For more than 70 years, the Army Corps has managed Lake Okeechobee without consideration for the health of those impacted in the St. Lucie and Caloosahatchee watersheds and further south in Florida Bay. As a result, Floridians and their pets have been exposed to an array of serious near-term health threats. Additionally, researchers have linked toxins in discharged lakewater to increased long-term risks of liver failure, ALS, Alzheimer’s Disease, and Parkinson’s Disease.
In our upcoming Clean Water Conversation, we’re offering the public a chance to converse candidly with harmful algal bloom (HAB) experts Dr. Walter Bradley and Dr. James Metcalf. We know Floridians have many concerns about Lake Okeechobee releases exposing people to dangerously high levels of toxins. Now is your chance to seek answers from medical researchers who have dedicated their careers to understanding and communicating these dangers more effectively.
Come ready with your questions! In an effort to make this the most interactive Clean Water Conversation yet, we will focus the majority of our time on communicating your questions directly to our featured guests. CLICK HERE to visit our Facebook event page to let us know that you’re coming!
Friends of the Everglades will live stream the conversation directly to our Facebook page at 12 noon on July 16th. Help us spread the word by sharing this invitation to your friends and neighbors. If you have been enjoying these Clean Water Conversations and would like to help us fund this particular one, we thank you, and welcome you to make a donation today.
Dr. Walter Bradley is Professor and Chairman Emeritus of the Department of Neurology of the University of Miami’s Miller School of Medicine.
Dr. Bradley has an international reputation for his contributions to the fields of amyotrophic lateral sclerosis, peripheral neuropathies, inflammatory myopathies and muscular dystrophy. He has received grant monies exceeding $10 million from the National Institutes of Health, foundations and pharmaceutical companies.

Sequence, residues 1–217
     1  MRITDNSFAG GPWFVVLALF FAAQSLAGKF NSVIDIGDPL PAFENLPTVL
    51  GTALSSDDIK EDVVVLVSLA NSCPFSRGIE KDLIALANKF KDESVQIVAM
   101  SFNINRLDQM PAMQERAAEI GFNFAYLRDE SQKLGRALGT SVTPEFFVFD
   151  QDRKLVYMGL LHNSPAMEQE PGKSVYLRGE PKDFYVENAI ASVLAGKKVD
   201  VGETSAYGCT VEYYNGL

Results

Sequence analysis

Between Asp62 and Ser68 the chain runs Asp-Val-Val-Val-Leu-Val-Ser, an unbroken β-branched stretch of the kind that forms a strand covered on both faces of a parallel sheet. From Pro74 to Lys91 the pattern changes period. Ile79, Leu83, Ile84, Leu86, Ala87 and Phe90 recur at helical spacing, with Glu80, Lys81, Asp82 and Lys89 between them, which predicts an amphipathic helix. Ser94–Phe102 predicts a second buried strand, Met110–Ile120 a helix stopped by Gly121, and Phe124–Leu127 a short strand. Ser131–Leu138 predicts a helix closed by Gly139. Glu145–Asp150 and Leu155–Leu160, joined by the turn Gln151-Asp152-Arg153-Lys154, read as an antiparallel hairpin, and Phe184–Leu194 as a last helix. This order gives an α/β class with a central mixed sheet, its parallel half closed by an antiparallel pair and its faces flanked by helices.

Awarded the D.M. degree from Oxford University, Bradley was appointed foundation professor of experimental neurology in the University of Newcastle upon Tyne. He served as vice chairman of the Department of Neurology at Tufts-New England Medical Center, chairman of the Department of Neurology in the University of Vermont and chairman of the Department of Neurology of the University of Miami.
Bradley is a fellow of the Royal College of Physicians of London and board certified in neurology and psychiatry. He is a member and former counselor of the American Neurological Association and a fellow of the American Academy of Neurology.
Dr. James S. Metcalf began working at the Institute for Ethnomedicine in January 2013. Dr. Metcalf obtained a Joint Honours BSc in Marine Biology and Biochemistry from the University of Wales, Bangor. He subsequently completed a PhD at the University of Dundee in 2000 researching the immunodetection of cyanobacterial toxins.
He has continued to examine various aspects of cyanobacterial toxins through Post-doctoral Fellowships at the University of Dundee, involving multinational projects on cyanotoxins throughout Europe, until 2006.
Since that time he has continued an active collaboration with Prof. Geoffrey Codd of the University of Dundee. His current research interests include the analytical, toxicological and molecular biological assessment of cyanobacterial toxins, in particular the neurotoxic amino acid, β-N-methylamino-L-alanine (BMAA).